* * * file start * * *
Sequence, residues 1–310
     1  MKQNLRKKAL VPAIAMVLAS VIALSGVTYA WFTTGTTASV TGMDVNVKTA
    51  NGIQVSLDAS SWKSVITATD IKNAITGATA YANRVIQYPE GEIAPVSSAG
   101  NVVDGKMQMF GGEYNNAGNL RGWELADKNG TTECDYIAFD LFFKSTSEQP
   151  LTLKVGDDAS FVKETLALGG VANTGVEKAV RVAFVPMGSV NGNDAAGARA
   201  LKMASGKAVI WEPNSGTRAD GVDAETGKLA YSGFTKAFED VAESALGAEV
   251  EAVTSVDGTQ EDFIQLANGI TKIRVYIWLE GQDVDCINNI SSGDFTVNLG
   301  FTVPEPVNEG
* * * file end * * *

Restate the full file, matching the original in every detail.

Sequence, residues 1–310
     1  MKQNLRKKAL VPAIAMVLAS VIALSGVTYA WFTTGTTASV TGMDVNVKTA
    51  NGIQVSLDAS SWKSVITATD IKNAITGATA YANRVIQYPE GEIAPVSSAG
   101  NVVDGKMQMF GGEYNNAGNL RGWELADKNG TTECDYIAFD LFFKSTSEQP
   151  LTLKVGDDAS FVKETLALGG VANTGVEKAV RVAFVPMGSV NGNDAAGARA
   201  LKMASGKAVI WEPNSGTRAD GVDAETGKLA YSGFTKAFED VAESALGAEV
   251  EAVTSVDGTQ EDFIQLANGI TKIRVYIWLE GQDVDCINNI SSGDFTVNLG
   301  FTVPEPVNEG